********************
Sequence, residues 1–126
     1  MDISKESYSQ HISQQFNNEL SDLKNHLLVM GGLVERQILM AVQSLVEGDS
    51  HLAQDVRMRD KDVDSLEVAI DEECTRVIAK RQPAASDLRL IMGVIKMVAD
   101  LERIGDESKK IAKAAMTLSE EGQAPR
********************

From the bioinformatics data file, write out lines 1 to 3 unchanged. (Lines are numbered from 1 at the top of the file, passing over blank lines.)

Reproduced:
Sequence, residues 1–126
     1  MDISKESYSQ HISQQFNNEL SDLKNHLLVM GGLVERQILM AVQSLVEGDS
    51  HLAQDVRMRD KDVDSLEVAI DEECTRVIAK RQPAASDLRL IMGVIKMVAD